We Notice What We Are Interested In … and ignore what we are not interested in.

This is something that I have been thinking about for sometime – the way our brains filter information. It’s helpful, as we can’t deal with all of the information available to us. However, the down side is that we

  • a) block some of the important information
  • b) assume that we have full knowledge about subjects
  • c) block information that doesn’t meet our world view

Here are a few examples:

I heard someone describing how a group of people were talking about themselves and the work that they do. He was shocked by the words they used and how they were talking down their own impact. He made the connection between that and their inability to get to speak to senior people in their organisation. He then said “I hear it all the time”. At this point it became clear that he worked with individuals on their communication styles. And I thought “aha, you hear it all the time because you listen out for it.” I wondered whether he “heard” them talking that way because that was his interest. He had a theory and was applying that to this situation.

A number of years ago I attended a workshop on dealing with conflict. The workshop was excellent. However, one of the attendees put in a complaint (and tried to include me in this “class action”.) His complaint was that the handouts were very badly produced. He was right, they were dreadful. However, the content of them was great and it shouldn’t have really undermined the day. But for this person it did. His job? He managed a reprographic department. For him the whole day was ruined because he couldn’t ignore the lack of professionalism over the handouts.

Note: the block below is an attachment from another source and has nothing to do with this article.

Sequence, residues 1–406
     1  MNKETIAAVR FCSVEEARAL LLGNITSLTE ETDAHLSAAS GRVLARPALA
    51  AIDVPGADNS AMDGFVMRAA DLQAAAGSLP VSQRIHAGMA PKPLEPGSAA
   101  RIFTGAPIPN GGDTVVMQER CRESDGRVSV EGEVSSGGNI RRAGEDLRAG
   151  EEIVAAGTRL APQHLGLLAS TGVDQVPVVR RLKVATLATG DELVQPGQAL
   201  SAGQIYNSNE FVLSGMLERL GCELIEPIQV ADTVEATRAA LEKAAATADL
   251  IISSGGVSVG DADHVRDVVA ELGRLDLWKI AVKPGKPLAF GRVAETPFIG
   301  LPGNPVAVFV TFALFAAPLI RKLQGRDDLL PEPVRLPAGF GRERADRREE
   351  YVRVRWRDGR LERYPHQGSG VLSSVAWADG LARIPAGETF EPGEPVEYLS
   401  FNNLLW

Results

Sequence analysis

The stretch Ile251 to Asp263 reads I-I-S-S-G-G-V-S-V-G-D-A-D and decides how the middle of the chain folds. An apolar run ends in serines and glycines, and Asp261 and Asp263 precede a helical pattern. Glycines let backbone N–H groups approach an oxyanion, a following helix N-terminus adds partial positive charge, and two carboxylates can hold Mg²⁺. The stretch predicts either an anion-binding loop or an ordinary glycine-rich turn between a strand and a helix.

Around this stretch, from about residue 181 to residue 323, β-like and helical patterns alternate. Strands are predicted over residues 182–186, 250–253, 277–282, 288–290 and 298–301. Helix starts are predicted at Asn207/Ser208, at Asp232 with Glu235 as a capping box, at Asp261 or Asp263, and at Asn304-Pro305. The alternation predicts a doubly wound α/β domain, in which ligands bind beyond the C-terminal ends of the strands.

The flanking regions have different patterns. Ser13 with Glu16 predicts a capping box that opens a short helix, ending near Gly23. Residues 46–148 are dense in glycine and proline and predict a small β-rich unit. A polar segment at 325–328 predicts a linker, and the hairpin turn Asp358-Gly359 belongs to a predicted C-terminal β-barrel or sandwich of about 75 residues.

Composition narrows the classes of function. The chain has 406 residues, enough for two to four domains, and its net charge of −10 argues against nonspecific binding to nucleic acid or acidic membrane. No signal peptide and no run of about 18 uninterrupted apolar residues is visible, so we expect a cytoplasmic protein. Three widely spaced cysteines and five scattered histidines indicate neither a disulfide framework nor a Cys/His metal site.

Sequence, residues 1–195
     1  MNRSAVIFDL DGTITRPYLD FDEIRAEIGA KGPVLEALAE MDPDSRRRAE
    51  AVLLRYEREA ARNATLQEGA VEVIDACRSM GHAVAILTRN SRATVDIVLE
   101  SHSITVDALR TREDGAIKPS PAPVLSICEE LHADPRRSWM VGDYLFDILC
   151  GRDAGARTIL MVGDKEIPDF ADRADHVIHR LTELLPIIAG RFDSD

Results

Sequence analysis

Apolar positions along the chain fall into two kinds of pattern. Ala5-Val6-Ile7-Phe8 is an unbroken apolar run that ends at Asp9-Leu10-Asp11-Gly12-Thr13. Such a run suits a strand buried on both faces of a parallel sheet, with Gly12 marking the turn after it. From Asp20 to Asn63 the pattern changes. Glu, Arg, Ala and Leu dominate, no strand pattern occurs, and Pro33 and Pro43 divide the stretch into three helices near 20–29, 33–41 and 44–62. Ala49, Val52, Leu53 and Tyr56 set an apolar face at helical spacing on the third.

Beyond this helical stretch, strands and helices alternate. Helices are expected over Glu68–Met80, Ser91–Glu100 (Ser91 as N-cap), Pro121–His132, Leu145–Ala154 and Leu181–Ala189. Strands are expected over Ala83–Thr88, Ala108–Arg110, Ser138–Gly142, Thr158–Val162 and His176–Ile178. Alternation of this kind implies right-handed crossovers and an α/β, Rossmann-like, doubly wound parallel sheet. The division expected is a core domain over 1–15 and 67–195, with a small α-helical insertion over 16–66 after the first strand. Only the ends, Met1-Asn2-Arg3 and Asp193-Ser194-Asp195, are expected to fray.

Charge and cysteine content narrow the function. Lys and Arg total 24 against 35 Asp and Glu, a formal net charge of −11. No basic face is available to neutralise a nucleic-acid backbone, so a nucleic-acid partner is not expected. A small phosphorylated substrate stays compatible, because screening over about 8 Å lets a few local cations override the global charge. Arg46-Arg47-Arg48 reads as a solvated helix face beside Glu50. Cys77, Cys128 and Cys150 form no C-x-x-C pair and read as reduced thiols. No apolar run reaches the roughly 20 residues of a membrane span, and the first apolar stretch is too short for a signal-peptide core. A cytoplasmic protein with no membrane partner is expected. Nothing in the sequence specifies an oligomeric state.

You hear a word or phrase for the first time then hear it 5 times in the following week. Did the universe just make up its mind to keep sharing this with you? No, it’s just that you are filtering for it. I learned the word ambit today. I wonder how long before I hear it again.

I train people to use PowerPoint effectively. It isn’t my life’s purpose but it does seem to figure a lot in my work. Consequently I notice a lot of poor practice. I try to ignore it but inevitably find myself making mental notes on how someone has done something wrong; drives me nuts.

It has long been known that we quickly make up our minds about a person or situation and then look for the information to back our position or ignore information that contradicts it. Not great when you are map reading. Terrible if you are making judgements about people in an interview. Potentially lethal if you are trying to diagnose an illness.

Next time you find yourself saying “I hear this all the time” ask yourself why you hear it a lot. Is it because this is what is said, is it because you are listening to a selection of people who are all saying the same thing (and why is that, by the way) or is it because you are filtering out other voices?

People have their pet theories and then find lots of examples that back these theories up. I hear it all the time.

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